Spello’s well preserved town walls remain surprisingly complete. At the highest point is the Belvedere with its extensive views over the Topino valley and its Roman archway. Leave the main streets and lose yourself in the quiet medieval alleyways crowded with interlocked stone houses with flower-filled balconies.
Spello is built on the lower slopes of Mount Subasio. The pink marble from the mountain was used to build the town, giving it a rosy hue, especially at sunrise and sunset. The striations in the stones show the ridges and grooves of movements in the rocks over millions of years.
The remains of the Arch of Augustus form part of a later wall, its original Roman inscription visible.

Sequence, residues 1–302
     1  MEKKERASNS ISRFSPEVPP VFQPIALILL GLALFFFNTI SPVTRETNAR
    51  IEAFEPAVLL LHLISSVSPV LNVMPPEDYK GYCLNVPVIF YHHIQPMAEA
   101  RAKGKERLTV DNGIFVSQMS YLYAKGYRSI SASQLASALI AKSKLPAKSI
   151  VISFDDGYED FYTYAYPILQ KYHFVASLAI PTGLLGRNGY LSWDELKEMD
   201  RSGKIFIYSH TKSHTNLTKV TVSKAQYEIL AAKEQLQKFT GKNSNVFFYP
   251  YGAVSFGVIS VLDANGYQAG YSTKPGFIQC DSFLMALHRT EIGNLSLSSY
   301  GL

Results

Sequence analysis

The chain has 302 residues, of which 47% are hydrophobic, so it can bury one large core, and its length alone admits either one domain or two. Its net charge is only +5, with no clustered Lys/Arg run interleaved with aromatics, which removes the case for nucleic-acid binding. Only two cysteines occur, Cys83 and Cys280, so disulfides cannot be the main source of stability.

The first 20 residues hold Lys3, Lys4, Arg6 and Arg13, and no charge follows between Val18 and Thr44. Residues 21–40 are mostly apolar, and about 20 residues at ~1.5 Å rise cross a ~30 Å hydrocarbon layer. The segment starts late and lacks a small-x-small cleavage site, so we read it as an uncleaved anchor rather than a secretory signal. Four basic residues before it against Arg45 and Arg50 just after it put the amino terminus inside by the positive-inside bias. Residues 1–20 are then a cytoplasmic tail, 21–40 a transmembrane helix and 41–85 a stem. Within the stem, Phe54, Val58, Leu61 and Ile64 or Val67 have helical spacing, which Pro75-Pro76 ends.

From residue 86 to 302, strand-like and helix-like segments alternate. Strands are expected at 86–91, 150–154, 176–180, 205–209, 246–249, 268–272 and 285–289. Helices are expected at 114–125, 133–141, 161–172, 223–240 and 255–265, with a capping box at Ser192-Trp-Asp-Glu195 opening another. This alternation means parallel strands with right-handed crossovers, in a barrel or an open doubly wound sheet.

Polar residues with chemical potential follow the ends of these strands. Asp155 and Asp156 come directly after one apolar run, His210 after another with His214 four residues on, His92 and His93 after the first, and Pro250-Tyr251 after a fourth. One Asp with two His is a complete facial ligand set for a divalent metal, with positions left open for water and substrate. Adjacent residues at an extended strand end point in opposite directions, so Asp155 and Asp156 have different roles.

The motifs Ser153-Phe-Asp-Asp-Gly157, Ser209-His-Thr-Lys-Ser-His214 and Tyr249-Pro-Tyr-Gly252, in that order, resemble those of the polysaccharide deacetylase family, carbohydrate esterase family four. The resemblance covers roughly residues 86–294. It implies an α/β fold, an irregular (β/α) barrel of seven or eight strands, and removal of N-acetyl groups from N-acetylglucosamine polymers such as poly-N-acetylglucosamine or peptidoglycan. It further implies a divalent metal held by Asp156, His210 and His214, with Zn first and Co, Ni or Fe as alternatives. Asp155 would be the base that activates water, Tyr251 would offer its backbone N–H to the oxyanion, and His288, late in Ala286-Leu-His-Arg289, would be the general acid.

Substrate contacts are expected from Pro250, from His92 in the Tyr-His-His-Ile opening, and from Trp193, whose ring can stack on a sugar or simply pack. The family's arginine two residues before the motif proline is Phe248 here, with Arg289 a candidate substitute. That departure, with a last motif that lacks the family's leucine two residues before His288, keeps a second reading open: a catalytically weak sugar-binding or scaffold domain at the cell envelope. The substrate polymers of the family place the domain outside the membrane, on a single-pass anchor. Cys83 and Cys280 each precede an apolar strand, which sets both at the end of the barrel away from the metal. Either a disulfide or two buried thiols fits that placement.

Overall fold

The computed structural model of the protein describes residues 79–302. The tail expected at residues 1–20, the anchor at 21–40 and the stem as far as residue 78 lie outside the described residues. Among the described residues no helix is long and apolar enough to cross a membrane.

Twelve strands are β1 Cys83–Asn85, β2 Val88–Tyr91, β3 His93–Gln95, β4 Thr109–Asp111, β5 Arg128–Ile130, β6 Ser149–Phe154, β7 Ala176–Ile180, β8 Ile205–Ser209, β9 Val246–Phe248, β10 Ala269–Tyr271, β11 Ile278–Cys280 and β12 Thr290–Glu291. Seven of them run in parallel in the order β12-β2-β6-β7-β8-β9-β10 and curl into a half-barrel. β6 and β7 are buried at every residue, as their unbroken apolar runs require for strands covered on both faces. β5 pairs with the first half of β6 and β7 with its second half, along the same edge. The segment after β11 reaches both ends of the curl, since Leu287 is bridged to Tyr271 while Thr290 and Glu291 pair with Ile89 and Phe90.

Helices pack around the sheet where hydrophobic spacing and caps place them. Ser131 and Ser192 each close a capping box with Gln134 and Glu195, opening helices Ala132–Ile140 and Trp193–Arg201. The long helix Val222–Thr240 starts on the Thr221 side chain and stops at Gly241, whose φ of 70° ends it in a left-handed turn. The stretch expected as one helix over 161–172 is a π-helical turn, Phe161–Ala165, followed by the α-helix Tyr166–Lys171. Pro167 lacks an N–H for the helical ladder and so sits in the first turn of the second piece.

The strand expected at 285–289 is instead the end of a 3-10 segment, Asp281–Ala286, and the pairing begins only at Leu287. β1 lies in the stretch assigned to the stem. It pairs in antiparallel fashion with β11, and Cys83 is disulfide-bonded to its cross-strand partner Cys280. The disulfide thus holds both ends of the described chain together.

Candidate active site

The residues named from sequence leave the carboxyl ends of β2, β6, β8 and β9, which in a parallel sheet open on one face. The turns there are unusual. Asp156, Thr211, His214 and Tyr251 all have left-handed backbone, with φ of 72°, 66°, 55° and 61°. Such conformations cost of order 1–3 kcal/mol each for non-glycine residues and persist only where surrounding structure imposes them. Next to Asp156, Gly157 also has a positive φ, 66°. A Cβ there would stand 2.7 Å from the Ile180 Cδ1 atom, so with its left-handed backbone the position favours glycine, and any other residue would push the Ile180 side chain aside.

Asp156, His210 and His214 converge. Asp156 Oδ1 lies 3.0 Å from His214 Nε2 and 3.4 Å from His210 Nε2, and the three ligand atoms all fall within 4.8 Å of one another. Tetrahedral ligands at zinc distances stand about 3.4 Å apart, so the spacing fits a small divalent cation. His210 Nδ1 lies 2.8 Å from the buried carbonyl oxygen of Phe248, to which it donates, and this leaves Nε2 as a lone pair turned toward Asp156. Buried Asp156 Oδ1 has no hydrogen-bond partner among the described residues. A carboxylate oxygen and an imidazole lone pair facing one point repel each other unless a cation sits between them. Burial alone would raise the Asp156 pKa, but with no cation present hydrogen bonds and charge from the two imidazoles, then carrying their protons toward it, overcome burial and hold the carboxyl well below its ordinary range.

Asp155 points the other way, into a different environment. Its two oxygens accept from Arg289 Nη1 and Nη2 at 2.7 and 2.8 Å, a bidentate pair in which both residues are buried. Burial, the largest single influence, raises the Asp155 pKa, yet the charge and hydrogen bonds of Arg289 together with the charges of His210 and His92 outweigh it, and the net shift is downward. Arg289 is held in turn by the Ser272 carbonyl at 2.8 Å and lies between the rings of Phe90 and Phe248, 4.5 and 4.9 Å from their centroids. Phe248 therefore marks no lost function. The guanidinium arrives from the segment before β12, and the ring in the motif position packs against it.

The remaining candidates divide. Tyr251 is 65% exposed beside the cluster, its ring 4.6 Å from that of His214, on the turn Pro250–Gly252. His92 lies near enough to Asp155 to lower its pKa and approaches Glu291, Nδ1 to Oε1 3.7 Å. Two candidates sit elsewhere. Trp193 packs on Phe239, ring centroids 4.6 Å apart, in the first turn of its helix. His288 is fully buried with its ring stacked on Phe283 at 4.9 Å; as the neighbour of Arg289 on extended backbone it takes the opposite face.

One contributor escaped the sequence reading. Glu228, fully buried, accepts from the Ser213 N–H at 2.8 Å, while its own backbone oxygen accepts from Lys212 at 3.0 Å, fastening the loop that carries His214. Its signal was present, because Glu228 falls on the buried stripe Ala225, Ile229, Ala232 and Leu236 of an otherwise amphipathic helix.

The walls show the changes to building facades over the centuries; here a doorway has been bricked up, still using the local marble.
Each turn, each tiny alley brings its rewards, with plants and flowers, delicate handrails and secret arches. Who knows where that street will lead? Who cares, when there is time to explore?
I place my hand on the ancient stones in sunlight and they are warm to the touch. The marble absorbs and stores the heat, releasing it when the day cools down. The walls are thick, keeping the houses cool in summer and warm in winter. The roofs are made from layers of crafted Roman tiles, normally on a wooden frame or barrel vaults. The colours of the tiles change as they weather. The result is picture perfect.
I stand with my back to the stones and wonder what tales they could tell, what changes they have seen and how many people have passed them by. I am just one visitor, just one more person passing through this town of pink stones. But this visitor will be back. Spello may have a heart of stone, but it is entwined with my own.